The Quonset hut building and timeless design was developed out of necessity by the United States during World War II to house tropps and supplies.
In March of 1941, months before the attact on Pearl Harbor, the United States Navy knew its ability to mobilize and house of men and supplise would be severely strained in the event of war. Rear Admiral Ben Morell, Chief of the Navy's Burueau of Yards and Docks, set out to develop an improved version of a British portable structure called Nissen Hut, which was used in World War I.
Morell approached the George A. Fuller construction company to make a prefabricated lightweight shelter that could be easily shipped anywhere and quickly assembled by untrained troops in the field. Morell gave the order to Fuller on the contingency that the first structures had to be delivered within 60 days.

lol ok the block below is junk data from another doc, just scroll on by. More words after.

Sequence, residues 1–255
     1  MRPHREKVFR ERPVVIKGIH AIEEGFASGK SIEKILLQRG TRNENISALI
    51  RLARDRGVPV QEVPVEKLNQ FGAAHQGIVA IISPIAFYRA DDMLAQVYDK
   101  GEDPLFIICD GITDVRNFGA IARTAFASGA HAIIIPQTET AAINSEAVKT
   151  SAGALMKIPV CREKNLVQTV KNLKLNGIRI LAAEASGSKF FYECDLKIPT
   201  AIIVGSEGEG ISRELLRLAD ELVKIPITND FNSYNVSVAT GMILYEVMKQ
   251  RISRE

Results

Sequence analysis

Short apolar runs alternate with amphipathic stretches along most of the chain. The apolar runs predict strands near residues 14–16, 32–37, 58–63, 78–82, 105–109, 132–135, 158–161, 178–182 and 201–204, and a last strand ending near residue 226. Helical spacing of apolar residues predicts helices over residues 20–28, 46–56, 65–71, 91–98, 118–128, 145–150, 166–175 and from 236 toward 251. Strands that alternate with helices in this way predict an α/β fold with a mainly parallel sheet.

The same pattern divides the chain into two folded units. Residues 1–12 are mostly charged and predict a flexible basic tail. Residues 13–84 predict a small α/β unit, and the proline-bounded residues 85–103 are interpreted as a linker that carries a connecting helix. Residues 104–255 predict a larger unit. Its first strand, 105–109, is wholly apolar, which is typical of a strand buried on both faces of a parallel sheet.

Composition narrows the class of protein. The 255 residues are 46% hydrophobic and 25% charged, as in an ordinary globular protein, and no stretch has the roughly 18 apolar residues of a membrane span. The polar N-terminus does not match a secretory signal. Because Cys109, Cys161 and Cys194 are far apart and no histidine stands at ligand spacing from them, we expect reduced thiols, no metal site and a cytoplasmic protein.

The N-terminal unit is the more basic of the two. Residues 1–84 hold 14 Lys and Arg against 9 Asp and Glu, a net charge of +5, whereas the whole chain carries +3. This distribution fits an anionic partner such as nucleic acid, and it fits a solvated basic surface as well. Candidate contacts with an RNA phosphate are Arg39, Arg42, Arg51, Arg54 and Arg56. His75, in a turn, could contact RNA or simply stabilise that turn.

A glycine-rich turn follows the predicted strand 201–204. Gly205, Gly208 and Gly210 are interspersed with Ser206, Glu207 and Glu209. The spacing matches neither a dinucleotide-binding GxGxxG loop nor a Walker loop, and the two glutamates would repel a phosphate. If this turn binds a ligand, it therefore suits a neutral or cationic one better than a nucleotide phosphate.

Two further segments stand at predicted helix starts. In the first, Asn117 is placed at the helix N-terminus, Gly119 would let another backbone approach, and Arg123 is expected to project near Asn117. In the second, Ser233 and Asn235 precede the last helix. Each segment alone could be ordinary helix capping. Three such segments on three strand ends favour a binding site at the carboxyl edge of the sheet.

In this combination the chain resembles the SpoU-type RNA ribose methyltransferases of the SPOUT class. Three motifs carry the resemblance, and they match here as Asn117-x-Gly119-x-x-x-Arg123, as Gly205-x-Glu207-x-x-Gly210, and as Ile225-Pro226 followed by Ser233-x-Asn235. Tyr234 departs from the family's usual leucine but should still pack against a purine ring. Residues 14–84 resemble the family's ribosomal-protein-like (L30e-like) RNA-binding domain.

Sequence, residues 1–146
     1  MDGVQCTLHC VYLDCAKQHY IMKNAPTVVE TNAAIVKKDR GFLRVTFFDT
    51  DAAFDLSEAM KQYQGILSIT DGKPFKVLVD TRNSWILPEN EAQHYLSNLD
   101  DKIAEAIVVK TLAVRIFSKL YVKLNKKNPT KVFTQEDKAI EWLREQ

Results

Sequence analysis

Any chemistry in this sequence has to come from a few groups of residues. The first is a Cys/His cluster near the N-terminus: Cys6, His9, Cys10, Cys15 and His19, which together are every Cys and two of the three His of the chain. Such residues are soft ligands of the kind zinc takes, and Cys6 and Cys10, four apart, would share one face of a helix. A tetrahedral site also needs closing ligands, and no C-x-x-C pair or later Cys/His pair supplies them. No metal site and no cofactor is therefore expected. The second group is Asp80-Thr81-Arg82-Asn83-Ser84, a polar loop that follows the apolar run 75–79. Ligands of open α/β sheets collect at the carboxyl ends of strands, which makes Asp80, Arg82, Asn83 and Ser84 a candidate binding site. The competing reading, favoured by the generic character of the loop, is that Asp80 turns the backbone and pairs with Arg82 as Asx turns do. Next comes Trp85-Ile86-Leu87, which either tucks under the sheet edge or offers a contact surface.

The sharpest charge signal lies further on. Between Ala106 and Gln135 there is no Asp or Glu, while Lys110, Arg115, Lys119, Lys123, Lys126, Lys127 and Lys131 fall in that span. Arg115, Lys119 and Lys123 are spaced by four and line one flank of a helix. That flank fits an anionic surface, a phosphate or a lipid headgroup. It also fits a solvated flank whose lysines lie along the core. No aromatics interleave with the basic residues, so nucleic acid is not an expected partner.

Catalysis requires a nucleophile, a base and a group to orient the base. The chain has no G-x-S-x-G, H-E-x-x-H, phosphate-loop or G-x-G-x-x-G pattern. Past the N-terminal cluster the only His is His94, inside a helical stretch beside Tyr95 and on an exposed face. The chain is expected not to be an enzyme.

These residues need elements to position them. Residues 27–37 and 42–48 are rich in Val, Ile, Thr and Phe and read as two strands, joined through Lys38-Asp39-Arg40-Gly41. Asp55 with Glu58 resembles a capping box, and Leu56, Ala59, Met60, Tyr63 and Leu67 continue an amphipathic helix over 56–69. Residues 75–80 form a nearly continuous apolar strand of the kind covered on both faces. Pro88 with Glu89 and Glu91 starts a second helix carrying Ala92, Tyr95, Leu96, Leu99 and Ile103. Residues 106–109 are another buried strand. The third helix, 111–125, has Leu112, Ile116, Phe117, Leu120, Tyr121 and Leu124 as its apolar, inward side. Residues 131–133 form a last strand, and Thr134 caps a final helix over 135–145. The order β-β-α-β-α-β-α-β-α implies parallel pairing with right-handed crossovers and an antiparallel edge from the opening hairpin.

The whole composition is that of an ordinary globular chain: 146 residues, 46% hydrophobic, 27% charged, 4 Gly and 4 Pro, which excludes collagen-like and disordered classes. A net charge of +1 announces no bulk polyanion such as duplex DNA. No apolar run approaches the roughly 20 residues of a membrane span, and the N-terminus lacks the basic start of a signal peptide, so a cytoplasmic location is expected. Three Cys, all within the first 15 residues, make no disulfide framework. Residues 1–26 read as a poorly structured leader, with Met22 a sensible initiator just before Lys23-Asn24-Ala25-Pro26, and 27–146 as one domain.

Engineers Perter Dejongh and Otto Brandenberger were set to work in the FUller production facility near Quonset Point, Rhode Island.
Within a month the first Quonset hut was ready. It was a half-tubular building measuring 36 feet long and 16 feet wide. The skin was crafted of ribbed galvanized steel sheating placed over a frame of lightweight steel arch ribs. It had insulation and a pressed wood interior. The Quonset hut could be assembled on a concrete foundation or, if need be, on a simple plywood floor. The wood ends had a door and two windows.
The huts indeed provided quick barracks for troops and cheap warehouse for weapons and material.
But it was soon apparent that
these were not just flimsy, temporary structures. All the components used to design Quonset huts worked in a perfect unison to produce incredible strength that could withstand the pounding of hurricanes. At the end of World War II the Quonset hut was not relegated to the scrap heap. The military sold them to the American public and the Quonset hut soon moved off the military house and into single-family neighborhoods.